The Confederation of African Football (CAF) bigwigs landed in South Africa this week to attend the annual Super Cup tie between local side Mamelodi Sundowns and TP Mazembe from the Democratic Republic of Congo (DRC). They flew into a rising storm of protest by regional affiliates seemingly no longer prepared to toe the party line.
The Council of Southern Africa Football Associations (Cosafa) has certainly rocked the boat after meeting in Johannesburg last week. They took a radical, if not far-reaching, decision not to support incumbent CAF president Issa Hayatou at the presidential elections during the CAF congress in Addis Ababa next month.
Cosafa — led by newly elected president Philip Chiyangwa, who is also the Zimbabwean Football Association (FA) president — threw its weight behind Malagasy Football Association president Ahmad Ahmad. This seems not to have gone down well with the Cameroonian, who has ruled African football with an iron fist since 1988.
In a fit of pique, Hayatou retaliated against Ahmad’s decision to stand by withdrawing Madagascar’s right to host the CAF Under-17 African Cup of Nations tournament, due to be staged in April, and handed the right to host the youth event to Gabon.
It is said in the corridors of the CAF headquarters in Cairo that Madagascar was not technically ready to host the eight-team event, but the decision smacks of punishment for Ahmad refusing to endorse Hayatou for the CAF presidency.
As the drama unfolded, Chiyangwa also found himself at the wrong end of Hayatou’s wrath. He has been warned sternly not to proceed with preparations for his own birthday party.
Chiyangwa has already issued several invitation letters to friends and FA presidents across the continent, and to Fifa president Gianni Infantino, to celebrate his February 3 birthday belatedly as well as winning the Cosafa presidency.
The CAF regards the upcoming Harare birthday party as nothing more than an “illegal gathering” aimed at hatching a coup against the present leaders.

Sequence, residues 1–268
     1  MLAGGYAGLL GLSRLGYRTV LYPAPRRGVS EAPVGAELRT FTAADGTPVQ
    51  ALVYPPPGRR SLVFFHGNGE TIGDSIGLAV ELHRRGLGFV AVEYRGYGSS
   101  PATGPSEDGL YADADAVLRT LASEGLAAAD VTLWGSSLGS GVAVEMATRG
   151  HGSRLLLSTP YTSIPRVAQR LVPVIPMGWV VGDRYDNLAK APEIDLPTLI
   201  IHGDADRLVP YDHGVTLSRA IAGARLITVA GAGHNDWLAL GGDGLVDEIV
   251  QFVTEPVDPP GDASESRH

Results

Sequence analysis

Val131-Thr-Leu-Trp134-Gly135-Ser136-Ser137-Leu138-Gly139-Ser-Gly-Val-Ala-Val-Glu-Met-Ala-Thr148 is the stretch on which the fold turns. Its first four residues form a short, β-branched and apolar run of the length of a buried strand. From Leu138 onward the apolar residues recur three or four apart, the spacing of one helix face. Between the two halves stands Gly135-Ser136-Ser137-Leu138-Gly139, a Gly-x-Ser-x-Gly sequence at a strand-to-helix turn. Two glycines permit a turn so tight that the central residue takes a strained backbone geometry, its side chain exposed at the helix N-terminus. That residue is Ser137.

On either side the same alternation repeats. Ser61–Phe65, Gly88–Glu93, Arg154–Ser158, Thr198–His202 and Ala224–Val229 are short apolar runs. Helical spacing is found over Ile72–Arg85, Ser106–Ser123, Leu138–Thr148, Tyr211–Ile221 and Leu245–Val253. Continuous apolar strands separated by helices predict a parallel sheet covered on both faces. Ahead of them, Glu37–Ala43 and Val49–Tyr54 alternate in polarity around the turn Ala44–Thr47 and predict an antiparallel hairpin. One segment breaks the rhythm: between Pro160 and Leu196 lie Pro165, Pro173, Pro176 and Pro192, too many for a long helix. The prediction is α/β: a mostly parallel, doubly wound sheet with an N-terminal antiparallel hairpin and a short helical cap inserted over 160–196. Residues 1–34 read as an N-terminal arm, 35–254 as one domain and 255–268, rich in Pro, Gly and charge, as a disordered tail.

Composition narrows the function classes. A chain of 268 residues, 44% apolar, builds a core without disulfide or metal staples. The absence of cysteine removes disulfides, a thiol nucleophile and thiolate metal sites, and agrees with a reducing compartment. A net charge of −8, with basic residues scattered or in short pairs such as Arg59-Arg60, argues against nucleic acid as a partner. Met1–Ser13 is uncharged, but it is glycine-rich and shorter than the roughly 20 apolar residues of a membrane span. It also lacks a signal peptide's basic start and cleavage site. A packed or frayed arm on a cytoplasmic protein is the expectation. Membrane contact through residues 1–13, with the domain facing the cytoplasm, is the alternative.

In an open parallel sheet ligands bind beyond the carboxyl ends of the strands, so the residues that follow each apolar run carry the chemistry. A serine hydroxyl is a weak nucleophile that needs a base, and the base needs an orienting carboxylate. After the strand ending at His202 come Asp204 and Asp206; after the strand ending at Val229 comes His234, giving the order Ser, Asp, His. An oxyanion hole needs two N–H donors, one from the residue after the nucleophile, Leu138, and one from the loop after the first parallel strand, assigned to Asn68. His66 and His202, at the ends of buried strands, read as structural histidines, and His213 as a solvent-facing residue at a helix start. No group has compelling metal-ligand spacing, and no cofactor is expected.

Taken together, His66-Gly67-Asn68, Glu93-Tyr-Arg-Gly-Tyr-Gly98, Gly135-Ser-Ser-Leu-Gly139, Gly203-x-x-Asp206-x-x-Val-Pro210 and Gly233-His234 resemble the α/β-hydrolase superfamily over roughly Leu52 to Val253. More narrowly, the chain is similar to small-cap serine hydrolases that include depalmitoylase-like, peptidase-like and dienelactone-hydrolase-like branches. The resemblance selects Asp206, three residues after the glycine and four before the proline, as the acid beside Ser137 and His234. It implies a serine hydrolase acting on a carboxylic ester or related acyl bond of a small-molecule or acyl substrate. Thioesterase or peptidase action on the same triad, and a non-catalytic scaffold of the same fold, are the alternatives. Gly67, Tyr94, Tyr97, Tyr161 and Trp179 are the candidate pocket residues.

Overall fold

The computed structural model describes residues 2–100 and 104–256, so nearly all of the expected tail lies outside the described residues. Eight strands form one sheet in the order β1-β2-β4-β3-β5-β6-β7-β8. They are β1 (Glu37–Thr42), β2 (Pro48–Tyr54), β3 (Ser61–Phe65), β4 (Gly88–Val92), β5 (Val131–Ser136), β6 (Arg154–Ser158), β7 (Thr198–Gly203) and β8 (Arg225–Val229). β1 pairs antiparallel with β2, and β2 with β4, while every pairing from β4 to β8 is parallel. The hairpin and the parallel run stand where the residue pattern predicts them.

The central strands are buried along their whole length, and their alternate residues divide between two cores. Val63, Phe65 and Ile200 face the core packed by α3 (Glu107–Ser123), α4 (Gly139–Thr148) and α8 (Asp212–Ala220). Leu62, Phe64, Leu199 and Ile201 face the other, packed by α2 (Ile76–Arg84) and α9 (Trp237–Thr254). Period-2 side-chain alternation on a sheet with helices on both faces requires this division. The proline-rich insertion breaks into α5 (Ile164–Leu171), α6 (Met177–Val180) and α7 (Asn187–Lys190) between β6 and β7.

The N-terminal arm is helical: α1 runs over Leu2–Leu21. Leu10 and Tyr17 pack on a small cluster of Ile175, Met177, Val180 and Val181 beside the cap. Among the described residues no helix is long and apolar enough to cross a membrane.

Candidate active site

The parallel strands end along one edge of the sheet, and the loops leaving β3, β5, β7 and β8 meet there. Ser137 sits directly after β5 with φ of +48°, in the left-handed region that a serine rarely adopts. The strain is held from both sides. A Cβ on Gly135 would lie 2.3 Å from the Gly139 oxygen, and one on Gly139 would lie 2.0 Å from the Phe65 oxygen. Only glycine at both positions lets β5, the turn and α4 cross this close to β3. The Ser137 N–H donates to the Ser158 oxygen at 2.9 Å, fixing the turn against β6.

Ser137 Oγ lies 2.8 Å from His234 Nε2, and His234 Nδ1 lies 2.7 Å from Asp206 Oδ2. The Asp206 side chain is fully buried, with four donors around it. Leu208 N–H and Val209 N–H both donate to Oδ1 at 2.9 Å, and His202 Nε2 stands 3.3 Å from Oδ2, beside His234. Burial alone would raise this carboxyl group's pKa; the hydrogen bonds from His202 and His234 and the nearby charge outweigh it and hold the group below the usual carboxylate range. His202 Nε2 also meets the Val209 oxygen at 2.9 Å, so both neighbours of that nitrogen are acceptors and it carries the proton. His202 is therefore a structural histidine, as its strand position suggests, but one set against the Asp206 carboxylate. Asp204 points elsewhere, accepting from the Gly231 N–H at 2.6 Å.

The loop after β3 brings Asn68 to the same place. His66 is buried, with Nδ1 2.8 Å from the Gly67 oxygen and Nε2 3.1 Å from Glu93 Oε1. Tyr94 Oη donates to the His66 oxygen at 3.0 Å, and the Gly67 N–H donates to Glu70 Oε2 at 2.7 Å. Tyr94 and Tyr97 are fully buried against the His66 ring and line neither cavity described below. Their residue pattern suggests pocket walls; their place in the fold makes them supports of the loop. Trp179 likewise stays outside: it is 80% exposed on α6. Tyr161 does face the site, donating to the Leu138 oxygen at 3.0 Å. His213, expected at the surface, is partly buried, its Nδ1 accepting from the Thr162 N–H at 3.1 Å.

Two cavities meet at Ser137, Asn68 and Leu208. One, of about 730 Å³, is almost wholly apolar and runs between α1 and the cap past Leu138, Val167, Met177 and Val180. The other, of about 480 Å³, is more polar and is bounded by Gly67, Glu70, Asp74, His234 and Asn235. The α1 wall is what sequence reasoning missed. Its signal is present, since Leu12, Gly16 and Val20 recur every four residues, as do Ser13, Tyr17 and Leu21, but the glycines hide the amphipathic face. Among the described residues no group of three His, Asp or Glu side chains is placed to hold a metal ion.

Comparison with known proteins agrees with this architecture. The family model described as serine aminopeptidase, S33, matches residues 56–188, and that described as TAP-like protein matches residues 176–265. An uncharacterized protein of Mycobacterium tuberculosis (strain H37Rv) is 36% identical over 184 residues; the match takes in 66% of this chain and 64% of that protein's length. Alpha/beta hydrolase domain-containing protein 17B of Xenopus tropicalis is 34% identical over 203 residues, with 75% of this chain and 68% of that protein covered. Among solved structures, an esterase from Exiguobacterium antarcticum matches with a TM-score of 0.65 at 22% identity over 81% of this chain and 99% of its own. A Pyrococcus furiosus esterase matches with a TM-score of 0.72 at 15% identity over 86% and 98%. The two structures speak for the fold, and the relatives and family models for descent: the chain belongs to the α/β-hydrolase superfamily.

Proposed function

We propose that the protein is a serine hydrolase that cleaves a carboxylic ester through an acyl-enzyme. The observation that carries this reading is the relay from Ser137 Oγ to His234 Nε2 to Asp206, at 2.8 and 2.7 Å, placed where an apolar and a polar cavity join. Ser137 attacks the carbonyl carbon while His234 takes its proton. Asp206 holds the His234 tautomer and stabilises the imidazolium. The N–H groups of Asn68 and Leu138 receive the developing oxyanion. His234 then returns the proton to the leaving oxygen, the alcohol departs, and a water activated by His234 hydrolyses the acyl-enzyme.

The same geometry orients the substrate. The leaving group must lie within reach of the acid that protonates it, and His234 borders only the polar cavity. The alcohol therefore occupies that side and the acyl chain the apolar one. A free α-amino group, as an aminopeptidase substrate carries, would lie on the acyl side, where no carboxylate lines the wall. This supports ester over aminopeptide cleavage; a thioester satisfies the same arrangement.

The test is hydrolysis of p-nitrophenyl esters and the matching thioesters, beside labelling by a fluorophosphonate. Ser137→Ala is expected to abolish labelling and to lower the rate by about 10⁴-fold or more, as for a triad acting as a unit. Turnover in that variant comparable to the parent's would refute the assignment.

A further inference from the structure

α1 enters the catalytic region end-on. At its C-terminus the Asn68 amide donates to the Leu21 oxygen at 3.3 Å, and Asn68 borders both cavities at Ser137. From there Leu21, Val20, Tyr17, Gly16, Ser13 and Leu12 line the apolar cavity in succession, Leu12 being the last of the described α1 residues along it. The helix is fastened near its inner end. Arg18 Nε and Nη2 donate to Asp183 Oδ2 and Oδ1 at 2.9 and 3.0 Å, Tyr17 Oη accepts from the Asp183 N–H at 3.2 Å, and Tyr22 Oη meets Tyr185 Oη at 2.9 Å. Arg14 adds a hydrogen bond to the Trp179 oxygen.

“The CAF leadership has been informed that a meeting has been convened by yourself in your capacity as Cosafa president in Harare on February 24,” reads a letter from CAF secretary general Hicham el Amrani to Chiyangwa.
“Such a meeting would not only include presidents of member associations of Cosafa but also presidents of many other member associations outside the Cosafa zone.
“The CAF leadership would therefore like to remind you that you do not have any authority to convene such a meeting without CAF’s knowledge, nor do you have the required approval.
“While it would be acceptable to convene a meeting of the leaders of your zonal union, convening a meeting with many member associations outside the Cosafa zone is deemed to represent an attempt to destabilise CAF.”
But a clearly upset and unrepentant Chiyangwa responded by warning the CAF that he was not the least amused by the tone of the letter insinuating that his birthday party is an illegal attempt to destabilise the CAF.
“The CAF statutes state clearly that the continental organisation shall promote friendly relations between national associations, zonal unions, clubs, officials and players,” he replied, insisting that his meeting is for “that very objective”.